Biodiversity Of Bhutan


The Government shall ensure that, in order to conserve the country’s natural resources and to prevent degradation of the ecosystem, a minimum of sixty percent of Bhutan’s total land shall be maintained under forest cover for all time.

-- Article 5:3, The Constitution of the Kingdom of Bhutan

Bhutan is a small, landlocked country with an area of 38,394 km2 situated on the southern slope of the Eastern Himalayas. Straddling the two major Indo-Malayan and Palearctic biogeographic realms, Bhutan is part of the Eastern Himalayan biodiversity hotspot and contains 23 Important Bird Areas (IBA), 8 ecoregions, a number of Important Plant Areas (IPA) and wetlands, including two Ramsar Sites. The diverse ecosystems and eco-floristic zones have made Bhutan home to a wide array of flora and fauna.

The total area under forest cover is 70.46 percent and 51.32 percent of the country is secured as protected areas and biological corridors. The protected areas system of Bhutan is regarded as one of the most comprehensive in the world. It encompasses a continuum of representational samples of all major ecosystems found in the country, ranging from the tropical/sub-tropical grasslands and forests in the southern foothills through temperate forests in the central mountains and valleys to alpine meadows in the northern mountains.

Due to the far-sighted vision and leadership of our Kings and our rich tradition of living in harmony with nature throughout the centuries, Bhutan is fortunate to have emerged virtually unscathed in the twenty first century in terms of its biological wealth. The Constitution of the Kingdom of Bhutan also mandates the maintenance of a minimum forest cover of 60 percent for perpetuity. In an era where economic goals and developmental needs far outweigh conservation needs, Bhutan firmly perseveres on the development philosophy of Gross National Happiness which categorically states environmental conservation as one of the four pillars of Gross National Happiness. This effectively ensures that development is never achieved at the cost of the environment. Many policy documents and action plans have already been developed and are being implemented.

Currently, the Flora of Bhutan records 4523 species of seed plants in eight families of gymnosperms and 218 families of Angiosperms and more than 5000 species are expected to occur in the country. Approximately 94.5 percent of the seed plants recorded from Bhutan are native species and about 105 species are currently endemic to Bhutan. In terms of Pteridophyte diversity (Ferns and allies), currently 411 species in 27 families are recorded from the country.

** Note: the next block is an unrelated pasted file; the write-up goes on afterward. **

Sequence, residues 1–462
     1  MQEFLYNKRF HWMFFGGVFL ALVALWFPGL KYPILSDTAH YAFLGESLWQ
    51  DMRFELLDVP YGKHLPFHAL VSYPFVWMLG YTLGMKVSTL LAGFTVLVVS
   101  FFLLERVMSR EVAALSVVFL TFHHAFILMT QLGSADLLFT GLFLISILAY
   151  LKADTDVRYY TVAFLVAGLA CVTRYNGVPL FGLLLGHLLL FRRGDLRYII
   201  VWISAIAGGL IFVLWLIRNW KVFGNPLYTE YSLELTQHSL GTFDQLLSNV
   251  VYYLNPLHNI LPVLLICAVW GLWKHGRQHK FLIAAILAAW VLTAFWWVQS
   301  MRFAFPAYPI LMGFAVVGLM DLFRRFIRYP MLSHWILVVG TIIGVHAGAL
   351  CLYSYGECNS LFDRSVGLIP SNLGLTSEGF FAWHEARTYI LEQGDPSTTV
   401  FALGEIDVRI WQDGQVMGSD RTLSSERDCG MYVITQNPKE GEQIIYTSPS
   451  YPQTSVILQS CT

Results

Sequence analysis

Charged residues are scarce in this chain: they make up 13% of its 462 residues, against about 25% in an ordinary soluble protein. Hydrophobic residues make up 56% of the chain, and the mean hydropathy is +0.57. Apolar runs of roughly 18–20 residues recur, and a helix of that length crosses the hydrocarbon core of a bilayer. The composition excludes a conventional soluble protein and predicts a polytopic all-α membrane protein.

Close to 200 species of mammals are known to occur in the country, including 27 globally threatened species. Bhutan is also known to be rich in wild felids, harbouring 11 of the 36 species globally recorded. Avifauna diversity accounts to about 700 species, including 18 globally threatened species. Information on Herpetofaunal diversity is limited to current record of 36 species of amphibians and 83 species of reptiles. Although Ichthyofaunal diversity remains to be fully explored, the latest study on freshwater fish diversity of Bhutan has recorded 91 species.

There is very limited and scattered information as well as studies related to invertebrate diversity in the country, giving an incomplete picture of the diversity of this species-rich group of biodiversity. The re-discovery of the Ludlow’s Swallowtail butterfly (Ludlow’s Bhutan Glory) in 2009 after it was first sighted in 1934-35 gave a much needed boost in bringing research on this under-studied group into the limelight!

As a country that is predominantly agricultural, Bhutan is rich in agricultural diversity. About 80 species of agricultural crops are reported to occur in the country. Several crop species with unique landraces have evolved as an adaptation to the micro-environment created by altitudinal and climatic variations. There are some 350 rice varieties, 47 of maize, 24 of wheat, and 30 of barley. There are also numerous wild relatives of both indigenous and introduced cereal and horticultural crops.

In livestock, although at the species level, the livestock diversity of Bhutan is not different from those commonly occurring elsewhere in the Himalayas, there are many livestock breeds with marked genetic differences and uniqueness. Amongst the cattle breeds, the Nublang is believed to have originated in Sombey geog of Haa and the three horse breeds found in the country are also considered unique. Bhutanese sheep have been genetically investigated and classified into main three types, namely Jakar, Sipsu and Sakten types. In particular, the Jakar type is unique to central Bhutan. Six or more different groups or lines of native chicken and two breeds of local pigs are reported to exist in Bhutan.